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% cash to hold?
PabloMartini
Posted: 13 March 2018 14:49:17(UTC)
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So I'm tidying up my modest portfolio (<100k) and wanted to ask forumites advise on what % cash I should hold?

I have a core holding of SMT and Fundsmith with smaller holdings in Emerging Markets, a Robotics fund and some shares from my work share scheme. Currently my cash position is 25%. What % should I be looking at?

My investment timeline is 20 - 25 years, I plan to add monthly and I have an emergency cash pot elsewhere.


P.S. I've been a long time lurker on the forum I've learnt a lot from the discussions here. Special mentions to Micawber, TonyP, Sara G and King Lodos for their contributions
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Tony Peterson
Posted: 13 March 2018 15:18:43(UTC)
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I'd say 0% in cash. Have it all working for you. You wouldn't want idle workers if you were running a factory, would you?

As this view can be expected to attract a certain amount of ridicule, I would invite those of a more nervous disposition who disagree, to give us a backtest of the dividends they have lost and the gains they have missed by keeping any cash on deposit since the credit crunch.

And if it was me setting out with your pot today I would simply split it between GSK and Vodafone and keep as much as possible in ISA.

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Chris Callue
Posted: 13 March 2018 15:29:58(UTC)
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Tony Peterson;58644 wrote:
I'd say 0% in cash. Have it all working for you. You wouldn't want idle workers if you were running a factory, would you?

As this view can be expected to attract a certain amount of ridicule, I would invite those of a more nervous disposition who disagree, to give us a backtest of the dividends they have lost and the gains they have missed by keeping any cash on deposit since the credit crunch.

And if it was me setting out with your pot today I would simply split it between GSK and Vodafone and keep as much as possible in ISA.



agreed
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Sara G
Posted: 13 March 2018 16:58:34(UTC)
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Thanks for the kind feedback, Pablo.

I think with time on your side and your emergency cash needs covered, then being fully invested is a realistic option. In those circumstances the main purpose of holding cash in a portfolio is to take advantage of buying opportunities, however, and so I think it is possible to do just as well (or even better) by keeping 5-10% in cash - while taking a bit less risk. It depends on how you think markets might behave (I say 'think' as nobody knows of course) and more importantly how you tend to behave if/when markets fall... In my case I want to be topping up on low valuations, but not everyone is comfortable doing that.

KL always says that your future income can be treated as part of your cash allocation too though, so in reality as long as you have an income you're fine either way.
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Micawber
Posted: 13 March 2018 17:01:38(UTC)
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Assuming that you have some cash savings elsewhere to meet life's running costs and contingencies, and noting that your time horizon is pretty long term, then you should probably be fully invested in good prospects.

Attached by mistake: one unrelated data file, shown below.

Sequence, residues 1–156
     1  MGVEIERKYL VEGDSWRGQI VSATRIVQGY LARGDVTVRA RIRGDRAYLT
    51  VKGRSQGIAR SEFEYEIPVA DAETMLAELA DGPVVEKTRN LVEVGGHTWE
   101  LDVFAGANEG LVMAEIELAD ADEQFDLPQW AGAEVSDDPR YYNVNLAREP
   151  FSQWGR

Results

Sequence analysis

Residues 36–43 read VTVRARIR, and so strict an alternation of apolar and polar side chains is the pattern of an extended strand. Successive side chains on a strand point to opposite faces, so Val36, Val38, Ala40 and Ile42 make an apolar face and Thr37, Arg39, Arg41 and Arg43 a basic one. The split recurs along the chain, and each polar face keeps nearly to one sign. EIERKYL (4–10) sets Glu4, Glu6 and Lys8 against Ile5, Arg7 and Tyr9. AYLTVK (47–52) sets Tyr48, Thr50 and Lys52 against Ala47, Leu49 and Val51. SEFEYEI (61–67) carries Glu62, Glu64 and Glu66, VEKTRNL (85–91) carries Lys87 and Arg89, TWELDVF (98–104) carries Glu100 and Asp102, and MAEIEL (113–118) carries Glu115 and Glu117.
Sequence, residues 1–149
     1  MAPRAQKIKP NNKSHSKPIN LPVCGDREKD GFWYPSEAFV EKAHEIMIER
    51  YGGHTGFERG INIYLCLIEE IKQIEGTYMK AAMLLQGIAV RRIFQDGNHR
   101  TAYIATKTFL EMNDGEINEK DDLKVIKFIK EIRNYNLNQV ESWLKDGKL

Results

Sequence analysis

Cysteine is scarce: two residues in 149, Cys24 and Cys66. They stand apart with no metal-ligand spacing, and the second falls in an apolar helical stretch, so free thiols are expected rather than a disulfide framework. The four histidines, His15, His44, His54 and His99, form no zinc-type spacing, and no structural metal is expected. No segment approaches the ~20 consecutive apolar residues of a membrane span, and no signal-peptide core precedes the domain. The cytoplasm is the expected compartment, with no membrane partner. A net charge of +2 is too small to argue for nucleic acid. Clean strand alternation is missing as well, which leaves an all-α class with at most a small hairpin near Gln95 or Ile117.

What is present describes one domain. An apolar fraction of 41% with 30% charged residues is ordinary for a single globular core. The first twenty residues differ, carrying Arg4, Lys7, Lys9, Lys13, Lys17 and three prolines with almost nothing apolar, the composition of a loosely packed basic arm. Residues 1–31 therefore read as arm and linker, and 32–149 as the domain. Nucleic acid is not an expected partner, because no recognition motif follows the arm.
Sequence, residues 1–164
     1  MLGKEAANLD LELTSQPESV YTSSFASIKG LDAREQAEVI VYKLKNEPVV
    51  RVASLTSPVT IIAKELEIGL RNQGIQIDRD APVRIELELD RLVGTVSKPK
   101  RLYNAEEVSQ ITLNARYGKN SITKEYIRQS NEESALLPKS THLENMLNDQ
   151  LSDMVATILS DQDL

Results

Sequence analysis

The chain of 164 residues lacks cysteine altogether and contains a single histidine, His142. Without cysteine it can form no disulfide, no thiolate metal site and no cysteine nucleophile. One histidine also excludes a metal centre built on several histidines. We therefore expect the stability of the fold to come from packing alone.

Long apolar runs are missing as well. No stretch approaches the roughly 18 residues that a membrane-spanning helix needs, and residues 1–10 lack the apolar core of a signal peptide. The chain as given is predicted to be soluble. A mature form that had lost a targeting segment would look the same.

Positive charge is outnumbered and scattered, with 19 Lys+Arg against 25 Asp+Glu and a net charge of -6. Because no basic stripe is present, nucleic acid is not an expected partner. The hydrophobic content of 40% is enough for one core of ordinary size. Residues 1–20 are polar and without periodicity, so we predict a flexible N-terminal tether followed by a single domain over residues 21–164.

However, you'd be buying or holding only those stocks that you think are good value at present. If there are some which don't really stand re-thinking at present prices, sell them and there's your cash. Reinvest it if you have better stocks you think are good value. If none, wait till you find some.

At present, only one of our family pfs is fully invested, and that is running in second place to my risky but well-performing fun portfolio over the past fifteen months (which continues in the lead this year despite carrying 30% in cash). In the others, cash proportions currently average about 12% but that's because I can find few bargains, or have stocks I want to add to but only if/when their prices drop during the year, or there is new money going into the pfs which is being used to build up existing holdings in phases over time.
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Captain Slugwash
Posted: 13 March 2018 17:56:14(UTC)
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By all means keep some cash if you have your eye on something, and are just waiting for the right price.
But don't sit on a certain percentage of cash just because people tell you it is the sensible thing to do.
Odds are that those sort of people will never invest that X% even in a massive downturn, which begs the question, why is it in a trading account/SIPP/ISA portfolio in the first place?

You have your emergency cash elsewhere, so plan to keep your portfolio fully invested.
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Mr Helpful
Posted: 13 March 2018 18:34:10(UTC)
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PabloMartini;58643 wrote:
So I'm tidying up my modest portfolio (<100k) and wanted to ask forumites advise on what % cash I should hold?
My investment timeline is 20 - 25 years, I plan to add monthly and I have an emergency cash pot elsewhere.


Some good responses coming in.

In the event inclined to hold some Cash and/or Defensives on a long term basis, just wondering :-
a) Is it likely a Constant Ratio (e.g. 75/25) would be used, with rebalancing occasionally back to that Ratio as drifting takes place, or
b) A Variable Ratio dependent on the apparent value or otherwise of markets?
Or is that a decision yet to be taken?
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PabloMartini on 14/03/2018(UTC)
King Lodos
Posted: 13 March 2018 18:48:52(UTC)
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Pleasure to meet you, Pablo.

This is the big question, especially when markets are historically overvalued.

I think it's first a psychological question .. If you can imagine your portfolio taking a 70% hit now – seeing the Total at £30k – how does it sit with you? Stress can lead to bad decisions .. Then it's a practical question: what are the worst case scenarios for not having cash?